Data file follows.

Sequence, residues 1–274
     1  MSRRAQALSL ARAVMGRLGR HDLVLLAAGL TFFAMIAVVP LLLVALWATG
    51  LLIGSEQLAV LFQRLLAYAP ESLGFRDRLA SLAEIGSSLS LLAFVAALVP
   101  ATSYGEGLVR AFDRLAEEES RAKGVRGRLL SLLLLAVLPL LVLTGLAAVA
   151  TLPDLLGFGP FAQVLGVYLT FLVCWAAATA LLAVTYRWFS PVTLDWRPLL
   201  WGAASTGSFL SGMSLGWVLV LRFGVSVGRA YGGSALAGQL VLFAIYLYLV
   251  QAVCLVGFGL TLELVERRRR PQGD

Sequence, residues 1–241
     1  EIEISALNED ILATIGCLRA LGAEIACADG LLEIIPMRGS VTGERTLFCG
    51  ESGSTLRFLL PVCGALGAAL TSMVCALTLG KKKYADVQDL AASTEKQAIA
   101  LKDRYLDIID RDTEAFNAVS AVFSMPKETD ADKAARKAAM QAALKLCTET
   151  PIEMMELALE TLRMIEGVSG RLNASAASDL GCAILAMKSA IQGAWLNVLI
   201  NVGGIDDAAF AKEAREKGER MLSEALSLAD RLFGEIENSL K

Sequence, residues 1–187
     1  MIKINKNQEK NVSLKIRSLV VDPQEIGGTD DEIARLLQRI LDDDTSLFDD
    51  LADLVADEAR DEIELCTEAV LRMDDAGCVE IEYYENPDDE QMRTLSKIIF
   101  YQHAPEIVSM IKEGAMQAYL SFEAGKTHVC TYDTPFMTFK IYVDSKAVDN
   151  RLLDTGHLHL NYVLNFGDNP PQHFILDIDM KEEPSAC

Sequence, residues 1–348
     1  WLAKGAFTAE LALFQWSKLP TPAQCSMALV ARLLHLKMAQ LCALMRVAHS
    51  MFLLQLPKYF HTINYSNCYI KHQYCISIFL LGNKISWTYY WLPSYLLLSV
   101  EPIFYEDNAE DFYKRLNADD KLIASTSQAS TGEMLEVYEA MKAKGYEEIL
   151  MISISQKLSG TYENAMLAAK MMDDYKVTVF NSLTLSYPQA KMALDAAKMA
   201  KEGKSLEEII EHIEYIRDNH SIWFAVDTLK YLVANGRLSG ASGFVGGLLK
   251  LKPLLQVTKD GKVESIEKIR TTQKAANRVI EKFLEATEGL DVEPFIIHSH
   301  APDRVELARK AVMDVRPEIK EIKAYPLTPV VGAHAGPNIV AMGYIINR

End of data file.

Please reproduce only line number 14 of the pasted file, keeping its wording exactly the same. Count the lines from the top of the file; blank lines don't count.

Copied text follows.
Sequence, residues 1–187